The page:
Scientists discover how caffeine protects against cardiovascular disease

Three men walking down a staircase holding coffee cups

Authors of the Nature Communications study included, from left to right, graduate student Jae Hyun Byun, associate professor Jakob Magolan and professor Rick Austin. Photo: Mike Beattie, St. Joe’s Hamilton

Coffee and tea lovers can enjoy their caffeine, as McMaster University scientists have identified how caffeine can help fight cardiovascular disease.

Researchers say that just two to three average-sized cups of coffee per day contains enough caffeine to trigger a cascade effect, which reduces the levels of low-density lipoprotein (LDL) or ‘bad’ cholesterol. High bloodstream levels of LDL cholesterol are associated with an increased risk of cardiovascular disease.

Senior author Richard Austin said that regular caffeine consumption is linked to reduced blood levels of the PCSK9 protein, which increases the liver’s ability to remove excess LDL cholesterol from the bloodstream.

“Coffee and tea drinkers have another important health reason to rejoice – minus the sugar,” said Austin, professor in the department of medicine at McMaster and a member of the Hamilton Centre for Kidney Research at The Research Institute of St. Joe’s Hamilton.

“These findings now provide the underlying mechanism by which caffeine and its derivatives can mitigate the levels of blood PCSK9 and thereby reduce the risk of cardiovascular disease.”

The study was published in the journal Nature Communications.

Caffeine and its derivatives can also block the activation of a protein called SREBP2, which in turn reduces the levels of PCSK9 into the bloodstream.

“Given that SREBP2 is implicated in a host of cardiometabolic diseases, such as diabetes and fatty liver disease, mitigating its function has far reaching implications,” said Austin.

This molecular domino effect is similar to another phenomenon previously described by Austin and study co-author Paul Lebeau. In 2020, they discovered how a rare genetic variant in the PCSK9 gene that reduces its release from the liver led to lower cholesterol levels and longer lifespans for those carrying it.

Austin said recent population-level studies have shown that coffee and tea drinkers have a reduced risk of death from cardiovascular disease, but a biochemical explanation of this phenomenon has previously eluded researchers.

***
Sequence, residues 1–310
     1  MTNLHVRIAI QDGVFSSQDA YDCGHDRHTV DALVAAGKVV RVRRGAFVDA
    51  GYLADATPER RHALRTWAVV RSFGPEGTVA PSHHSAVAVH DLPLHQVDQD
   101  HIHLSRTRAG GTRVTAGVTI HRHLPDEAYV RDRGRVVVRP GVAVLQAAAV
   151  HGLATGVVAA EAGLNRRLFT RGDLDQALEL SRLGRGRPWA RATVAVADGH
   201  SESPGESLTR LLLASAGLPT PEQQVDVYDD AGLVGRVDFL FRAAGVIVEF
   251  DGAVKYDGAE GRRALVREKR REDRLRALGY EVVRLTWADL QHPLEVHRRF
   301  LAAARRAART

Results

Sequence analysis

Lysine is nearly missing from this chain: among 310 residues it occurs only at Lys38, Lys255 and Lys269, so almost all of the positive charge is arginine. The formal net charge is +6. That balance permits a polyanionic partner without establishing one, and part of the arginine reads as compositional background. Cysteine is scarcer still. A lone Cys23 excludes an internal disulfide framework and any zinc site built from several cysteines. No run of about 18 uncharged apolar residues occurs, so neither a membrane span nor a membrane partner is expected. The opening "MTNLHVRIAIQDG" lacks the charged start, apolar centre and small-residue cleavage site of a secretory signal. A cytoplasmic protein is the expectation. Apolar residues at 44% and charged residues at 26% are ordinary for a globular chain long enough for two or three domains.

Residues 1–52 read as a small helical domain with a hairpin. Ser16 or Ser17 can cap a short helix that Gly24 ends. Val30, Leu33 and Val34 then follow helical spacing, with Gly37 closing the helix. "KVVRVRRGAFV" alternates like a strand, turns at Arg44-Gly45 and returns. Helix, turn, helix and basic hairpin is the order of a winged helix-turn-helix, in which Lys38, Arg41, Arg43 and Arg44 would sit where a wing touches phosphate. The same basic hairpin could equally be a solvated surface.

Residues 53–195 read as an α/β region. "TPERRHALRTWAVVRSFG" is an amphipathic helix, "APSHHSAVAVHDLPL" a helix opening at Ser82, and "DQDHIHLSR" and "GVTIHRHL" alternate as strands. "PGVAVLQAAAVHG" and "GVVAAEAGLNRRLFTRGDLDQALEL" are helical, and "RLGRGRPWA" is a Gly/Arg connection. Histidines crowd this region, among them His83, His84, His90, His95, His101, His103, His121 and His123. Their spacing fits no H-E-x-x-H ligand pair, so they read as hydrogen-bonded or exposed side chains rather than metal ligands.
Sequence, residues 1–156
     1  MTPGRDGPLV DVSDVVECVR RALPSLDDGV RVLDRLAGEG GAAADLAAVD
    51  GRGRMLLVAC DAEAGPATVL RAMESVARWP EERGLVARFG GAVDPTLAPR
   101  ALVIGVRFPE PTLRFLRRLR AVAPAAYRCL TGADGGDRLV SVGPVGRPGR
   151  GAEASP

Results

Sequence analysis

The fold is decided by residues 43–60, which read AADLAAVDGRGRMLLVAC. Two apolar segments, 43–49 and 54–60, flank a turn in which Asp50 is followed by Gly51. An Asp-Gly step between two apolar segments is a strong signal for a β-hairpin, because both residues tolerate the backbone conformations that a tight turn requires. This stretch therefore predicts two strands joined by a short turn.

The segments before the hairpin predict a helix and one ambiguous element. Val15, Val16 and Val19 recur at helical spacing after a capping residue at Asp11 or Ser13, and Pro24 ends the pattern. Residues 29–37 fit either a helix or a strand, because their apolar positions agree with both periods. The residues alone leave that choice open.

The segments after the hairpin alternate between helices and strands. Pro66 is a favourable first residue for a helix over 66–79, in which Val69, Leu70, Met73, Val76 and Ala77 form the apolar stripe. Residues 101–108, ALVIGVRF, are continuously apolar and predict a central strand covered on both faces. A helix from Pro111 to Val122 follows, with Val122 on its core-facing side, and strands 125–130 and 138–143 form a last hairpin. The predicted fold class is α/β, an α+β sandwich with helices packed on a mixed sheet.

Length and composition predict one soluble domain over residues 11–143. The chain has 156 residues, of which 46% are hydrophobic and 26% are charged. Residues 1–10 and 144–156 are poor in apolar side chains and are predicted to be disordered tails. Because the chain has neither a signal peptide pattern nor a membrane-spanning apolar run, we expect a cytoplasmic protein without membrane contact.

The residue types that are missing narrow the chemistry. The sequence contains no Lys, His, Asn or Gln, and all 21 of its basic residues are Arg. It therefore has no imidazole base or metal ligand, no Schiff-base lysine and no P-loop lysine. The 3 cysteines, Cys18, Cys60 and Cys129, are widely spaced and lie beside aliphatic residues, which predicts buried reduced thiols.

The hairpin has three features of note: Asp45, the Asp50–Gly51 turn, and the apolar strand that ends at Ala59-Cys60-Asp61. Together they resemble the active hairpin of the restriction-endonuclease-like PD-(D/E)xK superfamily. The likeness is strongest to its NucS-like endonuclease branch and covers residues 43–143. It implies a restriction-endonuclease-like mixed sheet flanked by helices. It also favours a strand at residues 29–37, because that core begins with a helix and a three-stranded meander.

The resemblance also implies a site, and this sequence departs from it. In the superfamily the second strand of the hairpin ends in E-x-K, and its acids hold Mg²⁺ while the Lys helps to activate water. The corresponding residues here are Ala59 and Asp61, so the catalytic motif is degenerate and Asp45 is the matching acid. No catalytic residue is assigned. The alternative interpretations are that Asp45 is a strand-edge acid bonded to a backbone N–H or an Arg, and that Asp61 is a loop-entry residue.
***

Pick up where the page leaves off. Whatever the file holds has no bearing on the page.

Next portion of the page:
“These findings have wide ranging implications as they connect this widely consumed, biologically active compound to cholesterol metabolism at a molecular level,” said study co-author Guillaume Paré, professor in McMaster’s department of pathology and molecular medicine.

“This discovery was completely unexpected and shows that ordinary food and drink have many more complex effects than we think.”

Together with co-author and medicinal chemist Jakob Magolan, the team has developed new caffeine derivatives that potently lower blood PCSK9 levels, potentially leading to new LDL cholesterol treatments.

“We are excited to be pursuing this new class of medicines – or nutraceuticals – for the potential treatment and prevention of cardiovascular disease,” said Magolan, associate professor in the department of biochemistry and biomedical sciences at McMaster.

Researchers are also exploring additional health benefits of caffeine and its derivatives beyond those observed in the present study.

“It is exciting to see yet another potential clinical benefit from caffeine,” said Mark Tarnopolsky, division head of neuromuscular and neurometabolic disorders at McMaster’s department of pediatrics.

The study was co-led by Austin and Lebeau, from the Hamilton Centre for Kidney Research at The Research Institute of St. Joe’s Hamilton.

Austin and Lebeau’s team included researchers from several McMaster University departments, as well as the Libin Cardiovascular Institute of Alberta at the University of Calgary and the Clinical Research Institute of Montreal, affiliated with the University of Montreal.

Related Stories